I decided, some years ago, to start learning Esperanto.
I went to Lernu and spent three days learning. On the third day I’ve decided to open the instant messaging system on that web site to see what was going on. I ended up chatting with someone from Russia, in Esperanto.
We talked about the usual things you talk when you only learned the language for three days. How are you? where are you from? where do you live? do you have brothers or sisters? blah blah. I was amazed I could communicate so soon. Eventually I’ve got tired and I said something like “OK, that was fun, let’s continue in English please.”
– “Mi ne parolas la anglan.” was the reply. “I don’t speak English.”
What about la hispana (Spanish)?
I was talking with someone with whom I didn’t have any other common language than Esperanto. Three days before that we couldn’t have even say hi to each other.
Being able to write, build and run a Clojure application, like I explained in a previous article, is not enough. You also want to hack on it, to iterative code on it, after all, you are using a Lisp.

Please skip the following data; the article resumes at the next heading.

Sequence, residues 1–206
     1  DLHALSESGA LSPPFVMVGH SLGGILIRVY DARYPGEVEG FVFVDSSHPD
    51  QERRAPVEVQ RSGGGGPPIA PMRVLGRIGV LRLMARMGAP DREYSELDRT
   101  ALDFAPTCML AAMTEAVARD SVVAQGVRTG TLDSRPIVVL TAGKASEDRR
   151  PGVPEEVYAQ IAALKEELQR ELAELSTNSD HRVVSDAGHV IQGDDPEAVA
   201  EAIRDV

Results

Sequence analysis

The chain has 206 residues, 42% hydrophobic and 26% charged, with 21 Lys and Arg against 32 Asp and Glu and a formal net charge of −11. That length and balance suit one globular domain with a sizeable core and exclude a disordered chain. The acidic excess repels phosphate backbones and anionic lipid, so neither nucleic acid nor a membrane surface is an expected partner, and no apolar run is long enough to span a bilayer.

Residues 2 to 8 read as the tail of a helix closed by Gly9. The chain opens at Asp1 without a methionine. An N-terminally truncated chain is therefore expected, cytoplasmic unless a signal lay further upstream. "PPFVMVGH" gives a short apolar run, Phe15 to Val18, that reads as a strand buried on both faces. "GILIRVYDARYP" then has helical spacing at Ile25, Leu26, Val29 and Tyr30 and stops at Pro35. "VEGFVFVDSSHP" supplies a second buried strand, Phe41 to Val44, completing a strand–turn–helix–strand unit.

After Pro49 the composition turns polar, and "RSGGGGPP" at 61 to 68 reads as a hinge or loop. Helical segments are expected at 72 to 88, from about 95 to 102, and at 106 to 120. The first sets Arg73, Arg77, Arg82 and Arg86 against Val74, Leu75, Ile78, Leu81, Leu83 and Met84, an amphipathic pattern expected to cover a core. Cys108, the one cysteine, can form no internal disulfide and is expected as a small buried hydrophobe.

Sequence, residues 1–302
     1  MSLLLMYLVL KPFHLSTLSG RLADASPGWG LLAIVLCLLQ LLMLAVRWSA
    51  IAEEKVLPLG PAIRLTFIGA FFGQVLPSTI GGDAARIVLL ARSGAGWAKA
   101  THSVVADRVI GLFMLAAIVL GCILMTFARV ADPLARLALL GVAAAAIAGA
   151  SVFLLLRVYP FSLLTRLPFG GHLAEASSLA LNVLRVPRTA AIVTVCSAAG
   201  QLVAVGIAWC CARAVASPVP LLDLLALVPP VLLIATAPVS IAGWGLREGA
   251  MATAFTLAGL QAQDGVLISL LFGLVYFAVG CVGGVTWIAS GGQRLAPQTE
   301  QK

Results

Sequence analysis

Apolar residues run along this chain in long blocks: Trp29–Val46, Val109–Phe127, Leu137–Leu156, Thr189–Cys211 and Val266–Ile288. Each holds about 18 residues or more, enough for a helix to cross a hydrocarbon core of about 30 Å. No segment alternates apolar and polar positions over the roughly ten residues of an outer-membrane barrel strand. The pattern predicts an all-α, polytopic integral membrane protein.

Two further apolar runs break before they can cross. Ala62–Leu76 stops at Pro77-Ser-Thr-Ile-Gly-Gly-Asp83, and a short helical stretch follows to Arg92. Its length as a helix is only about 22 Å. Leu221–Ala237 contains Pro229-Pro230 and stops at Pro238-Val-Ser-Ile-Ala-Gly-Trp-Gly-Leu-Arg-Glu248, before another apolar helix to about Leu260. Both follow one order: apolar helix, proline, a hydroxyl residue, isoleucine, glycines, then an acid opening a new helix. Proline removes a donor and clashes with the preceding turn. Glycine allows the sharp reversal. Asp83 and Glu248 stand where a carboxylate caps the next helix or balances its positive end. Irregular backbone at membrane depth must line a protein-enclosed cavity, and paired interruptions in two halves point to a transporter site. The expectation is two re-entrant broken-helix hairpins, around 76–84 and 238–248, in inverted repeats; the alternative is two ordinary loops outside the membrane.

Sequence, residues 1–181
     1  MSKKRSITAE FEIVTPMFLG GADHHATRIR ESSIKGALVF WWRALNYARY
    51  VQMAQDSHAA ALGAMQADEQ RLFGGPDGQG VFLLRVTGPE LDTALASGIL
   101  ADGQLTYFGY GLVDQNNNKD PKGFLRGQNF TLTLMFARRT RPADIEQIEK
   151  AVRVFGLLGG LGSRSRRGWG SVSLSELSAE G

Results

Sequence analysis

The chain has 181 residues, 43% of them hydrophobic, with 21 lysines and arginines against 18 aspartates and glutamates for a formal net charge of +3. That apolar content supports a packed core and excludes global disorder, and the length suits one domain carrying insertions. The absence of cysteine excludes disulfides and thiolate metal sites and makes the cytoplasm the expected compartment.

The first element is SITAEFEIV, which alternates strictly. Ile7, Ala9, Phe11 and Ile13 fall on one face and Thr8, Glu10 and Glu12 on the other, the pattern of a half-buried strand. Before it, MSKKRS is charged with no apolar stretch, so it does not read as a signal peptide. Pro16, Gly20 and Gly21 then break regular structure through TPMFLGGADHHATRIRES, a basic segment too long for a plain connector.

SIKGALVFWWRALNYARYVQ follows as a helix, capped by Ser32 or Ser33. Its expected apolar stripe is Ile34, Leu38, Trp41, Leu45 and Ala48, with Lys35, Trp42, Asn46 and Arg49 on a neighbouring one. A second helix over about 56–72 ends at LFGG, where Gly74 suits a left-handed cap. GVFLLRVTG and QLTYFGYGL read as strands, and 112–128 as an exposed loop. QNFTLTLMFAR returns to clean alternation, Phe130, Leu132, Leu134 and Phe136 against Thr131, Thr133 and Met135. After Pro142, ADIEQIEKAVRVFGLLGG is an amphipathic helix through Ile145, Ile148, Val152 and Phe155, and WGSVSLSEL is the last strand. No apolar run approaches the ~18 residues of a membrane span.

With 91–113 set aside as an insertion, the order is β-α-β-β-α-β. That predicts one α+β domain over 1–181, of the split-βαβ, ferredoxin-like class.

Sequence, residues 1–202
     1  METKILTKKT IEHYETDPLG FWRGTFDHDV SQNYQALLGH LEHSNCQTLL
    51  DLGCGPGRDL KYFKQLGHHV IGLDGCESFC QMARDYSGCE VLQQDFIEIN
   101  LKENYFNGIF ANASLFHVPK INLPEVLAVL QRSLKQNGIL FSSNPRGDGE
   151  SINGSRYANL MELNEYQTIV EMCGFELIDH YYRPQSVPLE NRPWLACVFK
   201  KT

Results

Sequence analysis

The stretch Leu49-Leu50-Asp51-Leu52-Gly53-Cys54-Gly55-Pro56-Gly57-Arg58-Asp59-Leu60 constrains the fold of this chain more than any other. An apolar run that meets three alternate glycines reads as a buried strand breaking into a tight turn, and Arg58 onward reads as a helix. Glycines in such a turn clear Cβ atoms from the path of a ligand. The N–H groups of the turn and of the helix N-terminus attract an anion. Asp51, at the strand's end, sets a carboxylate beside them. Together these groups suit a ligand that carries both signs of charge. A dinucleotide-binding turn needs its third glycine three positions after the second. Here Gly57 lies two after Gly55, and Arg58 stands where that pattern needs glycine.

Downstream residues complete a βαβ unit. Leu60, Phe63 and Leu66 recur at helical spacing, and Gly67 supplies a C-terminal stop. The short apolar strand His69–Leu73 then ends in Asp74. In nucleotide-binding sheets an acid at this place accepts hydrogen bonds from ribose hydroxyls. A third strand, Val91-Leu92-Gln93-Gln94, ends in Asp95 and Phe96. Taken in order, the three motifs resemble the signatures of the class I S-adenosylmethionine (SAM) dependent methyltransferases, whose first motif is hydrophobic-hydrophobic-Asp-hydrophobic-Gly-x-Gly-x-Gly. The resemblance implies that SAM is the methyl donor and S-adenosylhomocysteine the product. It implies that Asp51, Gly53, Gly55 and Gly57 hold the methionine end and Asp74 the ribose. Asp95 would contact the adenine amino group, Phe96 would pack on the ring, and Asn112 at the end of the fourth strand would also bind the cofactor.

What I mean by iterative coding is something not very few know or do, but it’s extremely common in Lisp. You have you REPL running all the time (that is, generally, the interpreter). You load the code into the REPL, run it, modify some part of the code and re-load it. You may not reload the whole file but only a function on it, and you may have background process running on the REPL, like a web server. It is very powerful. Continue reading “Hacking on the Clojure application”
I like martial arts and I’ve practiced a couple during my life, and tried a few as well. Recently I became interested in them once again when a mail informed me of the existence of a dōjō near my house in Zürich.